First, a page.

Iran’s once active campuses falling silent

TEHRAN (Reuters) — Iran’s university campuses are falling silent. Student activists, once at the vanguard of a movement seeking political and social change in the Islamic Republic, say they are increasingly afraid to speak out.

“I used to take part in so many protests. I was arrested twice, once in 2001 and once in 2003,” said student Mehdi Aminzadeh, describing his role in rallies during the tenure of pro-reform former President Mohammad Khatami.

“The situation has changed a lot since that time. The pressures have pushed us to be more cautious,” said the 29-year old, who says he has been barred from registering for a masters in political science.

Since President Mahmoud Ahmadinejad took power in August last year vowing a return to Islamic revolutionary principles, activists say 181 students have been summoned to university disciplinary boards and 105 of them were suspended.

Most have been reinstated but Aminzadeh is among a handful who activists say are still barred from registering to study.

Many students, who wanted more radical change to Iran’s system of clerical rule than reformist politicians proposed, became disenchanted even before Khatami left office in 2005.

Reformists, when in power, failed to deliver on many promises.

Critics say the authorities, since Ahamdinejad’s election, have been slowly tightening the screws on rivals, not in sweeping gestures, but with measures that send a clear message about the cost of opposition and silencing activists.

As well as clamping down on students, critical professors say they have been pushed into early retirement. A leading pro-reform newspaper has been shut. And Western diplomats say their cultural events or exchanges are facing obstacles.

The government dismisses such charges, saying they welcome criticism and encourage free speech. University officials say students are only being punished if they break rules.

“Some students have committed acts that are inconsistent with religious, national and university standards,” the head of Tehran University, Abbas Ali Amid-Zanjani, was quoted as saying in September by the daily Farhang-e Ashti.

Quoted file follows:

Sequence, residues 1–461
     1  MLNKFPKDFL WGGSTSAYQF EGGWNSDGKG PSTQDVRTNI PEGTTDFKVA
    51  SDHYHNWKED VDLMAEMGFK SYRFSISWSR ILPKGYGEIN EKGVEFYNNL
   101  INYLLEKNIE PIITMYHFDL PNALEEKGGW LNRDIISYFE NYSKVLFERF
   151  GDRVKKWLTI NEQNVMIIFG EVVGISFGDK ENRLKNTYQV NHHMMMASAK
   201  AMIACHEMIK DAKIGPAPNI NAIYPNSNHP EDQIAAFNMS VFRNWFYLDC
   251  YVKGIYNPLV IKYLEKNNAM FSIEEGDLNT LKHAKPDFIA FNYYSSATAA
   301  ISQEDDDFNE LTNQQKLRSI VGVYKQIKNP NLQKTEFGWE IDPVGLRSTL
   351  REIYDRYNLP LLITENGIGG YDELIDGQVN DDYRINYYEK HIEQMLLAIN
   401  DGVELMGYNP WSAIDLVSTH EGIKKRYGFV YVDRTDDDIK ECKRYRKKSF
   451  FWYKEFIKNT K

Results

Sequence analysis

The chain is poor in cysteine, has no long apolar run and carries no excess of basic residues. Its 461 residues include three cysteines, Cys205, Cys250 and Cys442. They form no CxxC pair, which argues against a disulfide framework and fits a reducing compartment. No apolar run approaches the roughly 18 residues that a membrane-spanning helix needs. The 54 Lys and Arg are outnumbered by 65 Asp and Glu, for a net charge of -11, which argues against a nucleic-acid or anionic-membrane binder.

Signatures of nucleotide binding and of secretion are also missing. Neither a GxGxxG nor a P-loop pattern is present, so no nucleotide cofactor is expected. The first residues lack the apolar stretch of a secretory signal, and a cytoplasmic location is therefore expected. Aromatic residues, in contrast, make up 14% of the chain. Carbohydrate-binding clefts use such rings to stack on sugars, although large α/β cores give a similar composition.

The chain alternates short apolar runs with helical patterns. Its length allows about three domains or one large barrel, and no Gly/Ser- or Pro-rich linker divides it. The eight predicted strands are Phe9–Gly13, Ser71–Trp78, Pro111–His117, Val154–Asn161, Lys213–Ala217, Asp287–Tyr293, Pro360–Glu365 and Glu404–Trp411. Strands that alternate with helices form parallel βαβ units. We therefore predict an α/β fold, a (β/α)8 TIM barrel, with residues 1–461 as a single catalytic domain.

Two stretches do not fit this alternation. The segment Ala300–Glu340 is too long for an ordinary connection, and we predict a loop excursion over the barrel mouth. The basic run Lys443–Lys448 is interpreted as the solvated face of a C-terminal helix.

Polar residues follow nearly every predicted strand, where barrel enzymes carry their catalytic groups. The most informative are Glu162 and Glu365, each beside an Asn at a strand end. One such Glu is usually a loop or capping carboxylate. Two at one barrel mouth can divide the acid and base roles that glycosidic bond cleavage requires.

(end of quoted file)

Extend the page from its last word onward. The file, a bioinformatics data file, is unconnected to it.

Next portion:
“We have to deal with student offences so they will not recur. We shall not be too harsh, of course,” he added. But critics say the appointment of Amid-Zanjani, the first cleric to head Tehran University and seen as a presidential ally, shows the government is filling educational establishments with its own people.

Ahmadinejad has called for students to denounce professors sullying the Islamic Republic’s universities with “secularism”.

“People like Ahmadinejad genuinely believe ideas presented to students and by students to the people can corrupt religious people,” said one Iranian analyst, who asked not to be named.

Two prominent reformists, Saeed Hajjarian and Mohsen Kadivar, have been sacked from their posts as university lecturers, Iran’s student news agency ISNA reported last week. “The head of philosophy group of the university has told me that he has been under pressure because of my presence in the group,” Kadivar, a cleric, told ISNA. “The pressure has been because of our beliefs and our critical positions.” In Khatami’s era, such pressure sent students out into the streets or at least campus protests.

In 1999, when the judiciary shut the reformist Salam newspaper, students started the worst unrest since the aftermath of the 1979 Islamic revolution.

When Sharq, Iran’s leading reformist daily in recent years, was shut in September there was only a deafening silence.

Mohammad Ali Abtahi, a cleric who was a vice-president in Khatami’s administration, told Reuters reformists have little power now to support students. But he said students — who have called for boycotts of past elections — would vote in next month’s local council elections..

“They have to pay heavy price if they want to be politically active,” he said. “It does not mean they will not participate in the (forthcoming) elections.

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